In Staveley near Chesterfield, Derbyshire, this two-bed property complete with sun deck is listed on Rightmove with a guide price of £250,000

Buyers in Chichester, West Sussex, can snap up this four-bed, three bath property which has a guide price of £815,000. It comes with a detached, self-contained garden studio

Downsizers might consider this two-bed bungalow in Bridlington in the East Riding of Yorkshire, which is listed on Rightmove with an asking price of £180,000

In Pembury near Royal Tunbridge Wells, Kent, this four-bed, two bath semi detached home is on the market with an asking price of £625,000. It comes with a large detached outbuilding

Another reason for the recent price growth is high levels of demand for moving house compared to relatively little supply, which was noted in the Royal Institution of Chartered Surveyors’ April 2021 UK Residential Market Survey.

Some experts say that this could help to maintain house price momentum throughout the summer months, even after the incentive of the stamp duty holiday is reduced.  

Paul Stockwell, chief commercial officer at Gatehouse Bank, said: ‘The original stamp duty discount deadline of March has made itself felt with a monthly dip in house prices, but annual growth is still remarkable.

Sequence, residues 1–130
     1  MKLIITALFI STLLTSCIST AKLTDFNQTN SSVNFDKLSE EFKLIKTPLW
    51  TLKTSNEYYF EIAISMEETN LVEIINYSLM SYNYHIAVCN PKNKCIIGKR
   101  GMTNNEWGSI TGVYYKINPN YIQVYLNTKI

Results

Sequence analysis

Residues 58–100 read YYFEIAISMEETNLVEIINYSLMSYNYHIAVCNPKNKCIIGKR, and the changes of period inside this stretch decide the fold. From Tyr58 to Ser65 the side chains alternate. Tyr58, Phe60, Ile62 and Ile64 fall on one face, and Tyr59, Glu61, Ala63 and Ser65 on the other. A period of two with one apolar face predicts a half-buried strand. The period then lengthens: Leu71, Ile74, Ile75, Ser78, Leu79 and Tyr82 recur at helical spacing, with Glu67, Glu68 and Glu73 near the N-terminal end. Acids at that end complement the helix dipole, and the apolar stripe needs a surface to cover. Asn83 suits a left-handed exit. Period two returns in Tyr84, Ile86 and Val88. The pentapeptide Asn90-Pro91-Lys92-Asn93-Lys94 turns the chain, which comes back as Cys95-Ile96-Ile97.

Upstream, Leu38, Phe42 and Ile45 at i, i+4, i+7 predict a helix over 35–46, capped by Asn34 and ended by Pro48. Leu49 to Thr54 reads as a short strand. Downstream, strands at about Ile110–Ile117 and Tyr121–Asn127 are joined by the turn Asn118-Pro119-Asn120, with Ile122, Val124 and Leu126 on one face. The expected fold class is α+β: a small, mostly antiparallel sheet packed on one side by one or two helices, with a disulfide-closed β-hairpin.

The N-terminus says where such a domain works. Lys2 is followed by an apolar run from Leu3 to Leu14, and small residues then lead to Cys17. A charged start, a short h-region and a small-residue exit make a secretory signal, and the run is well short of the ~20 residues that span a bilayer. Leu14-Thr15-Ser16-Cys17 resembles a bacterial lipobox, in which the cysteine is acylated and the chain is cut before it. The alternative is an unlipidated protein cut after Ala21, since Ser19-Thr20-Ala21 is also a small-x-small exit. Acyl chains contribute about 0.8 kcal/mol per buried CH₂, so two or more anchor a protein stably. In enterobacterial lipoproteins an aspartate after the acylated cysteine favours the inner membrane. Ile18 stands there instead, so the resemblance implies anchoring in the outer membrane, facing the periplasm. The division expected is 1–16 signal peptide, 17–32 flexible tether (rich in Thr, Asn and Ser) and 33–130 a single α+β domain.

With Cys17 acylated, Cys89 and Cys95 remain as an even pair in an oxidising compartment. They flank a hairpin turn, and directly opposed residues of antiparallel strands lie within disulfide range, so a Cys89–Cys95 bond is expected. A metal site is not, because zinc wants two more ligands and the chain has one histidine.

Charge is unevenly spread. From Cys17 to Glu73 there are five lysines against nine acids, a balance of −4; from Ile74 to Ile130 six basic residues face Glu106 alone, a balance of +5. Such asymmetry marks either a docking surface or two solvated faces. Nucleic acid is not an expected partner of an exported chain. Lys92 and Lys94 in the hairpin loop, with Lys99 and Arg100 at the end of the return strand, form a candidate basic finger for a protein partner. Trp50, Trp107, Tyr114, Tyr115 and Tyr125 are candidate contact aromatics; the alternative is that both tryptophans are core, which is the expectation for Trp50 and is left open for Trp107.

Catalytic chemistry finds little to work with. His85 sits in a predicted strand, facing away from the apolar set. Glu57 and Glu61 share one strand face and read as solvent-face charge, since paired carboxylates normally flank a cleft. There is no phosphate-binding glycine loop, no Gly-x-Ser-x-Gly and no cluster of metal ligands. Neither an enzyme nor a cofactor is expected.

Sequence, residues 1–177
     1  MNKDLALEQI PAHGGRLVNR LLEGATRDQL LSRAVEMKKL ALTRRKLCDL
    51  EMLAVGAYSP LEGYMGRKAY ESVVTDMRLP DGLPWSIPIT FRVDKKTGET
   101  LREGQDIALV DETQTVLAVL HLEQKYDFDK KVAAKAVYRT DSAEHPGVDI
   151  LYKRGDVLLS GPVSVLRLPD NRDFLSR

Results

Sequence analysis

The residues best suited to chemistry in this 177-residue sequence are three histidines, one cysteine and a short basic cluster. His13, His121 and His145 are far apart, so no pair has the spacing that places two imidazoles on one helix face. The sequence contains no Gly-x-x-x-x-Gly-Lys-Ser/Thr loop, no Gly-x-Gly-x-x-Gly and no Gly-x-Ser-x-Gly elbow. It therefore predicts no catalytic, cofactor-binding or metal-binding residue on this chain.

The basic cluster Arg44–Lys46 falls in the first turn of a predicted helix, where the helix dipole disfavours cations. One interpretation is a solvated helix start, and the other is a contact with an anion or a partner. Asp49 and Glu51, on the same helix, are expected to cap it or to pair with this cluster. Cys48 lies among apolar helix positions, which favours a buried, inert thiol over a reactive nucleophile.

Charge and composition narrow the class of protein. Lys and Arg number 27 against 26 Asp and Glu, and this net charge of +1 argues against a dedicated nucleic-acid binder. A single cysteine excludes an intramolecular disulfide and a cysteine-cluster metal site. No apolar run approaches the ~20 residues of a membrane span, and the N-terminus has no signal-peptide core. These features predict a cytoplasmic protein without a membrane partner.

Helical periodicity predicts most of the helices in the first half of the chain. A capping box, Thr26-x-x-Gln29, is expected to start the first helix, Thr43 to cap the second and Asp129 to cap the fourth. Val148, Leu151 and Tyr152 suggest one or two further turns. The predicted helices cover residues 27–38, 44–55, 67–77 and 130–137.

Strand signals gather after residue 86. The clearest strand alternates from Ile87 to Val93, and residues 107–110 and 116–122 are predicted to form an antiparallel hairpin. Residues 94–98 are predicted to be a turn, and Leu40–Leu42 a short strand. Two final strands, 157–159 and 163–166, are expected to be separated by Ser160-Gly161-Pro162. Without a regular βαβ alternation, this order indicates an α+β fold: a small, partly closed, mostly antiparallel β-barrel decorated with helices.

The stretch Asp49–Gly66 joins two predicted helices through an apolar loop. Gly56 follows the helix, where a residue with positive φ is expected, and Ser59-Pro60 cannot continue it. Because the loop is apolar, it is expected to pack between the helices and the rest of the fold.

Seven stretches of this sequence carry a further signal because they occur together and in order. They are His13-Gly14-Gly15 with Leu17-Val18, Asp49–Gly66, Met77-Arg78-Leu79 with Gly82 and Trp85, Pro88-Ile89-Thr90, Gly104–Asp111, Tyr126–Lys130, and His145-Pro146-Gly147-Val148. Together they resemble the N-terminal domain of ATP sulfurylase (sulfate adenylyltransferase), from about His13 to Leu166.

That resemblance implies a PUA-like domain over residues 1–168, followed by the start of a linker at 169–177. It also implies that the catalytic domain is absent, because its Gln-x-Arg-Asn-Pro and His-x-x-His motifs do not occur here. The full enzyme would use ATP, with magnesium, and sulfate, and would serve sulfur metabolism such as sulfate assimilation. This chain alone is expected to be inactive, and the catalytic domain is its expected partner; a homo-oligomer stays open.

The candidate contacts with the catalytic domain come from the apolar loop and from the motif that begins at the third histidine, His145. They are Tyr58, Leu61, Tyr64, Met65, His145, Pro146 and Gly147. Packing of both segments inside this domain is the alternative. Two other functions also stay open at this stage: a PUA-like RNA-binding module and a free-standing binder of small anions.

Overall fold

‘There remains a shortage properties coming onto the market in many areas, resulting in intense competition in some cases, and this factor is likely to keep prices pushing upwards throughout the summer.’

Rise and fall: A graph showing house price changes by country since 2017

The UK Property Transactions Statistics showed that in April 2021, on a seasonally adjusted basis, the estimated number of transactions of residential properties with a value of £40,000 or greater was 117,860. 

This is 179.6 per cent higher than a year ago. Between March and April 2021, UK transactions decreased by 35.7 per cent on a seasonally adjusted basis.

House price growth was strongest in the North East where prices increased by 16.9 per cent in the year to April 2021, according to the ONS.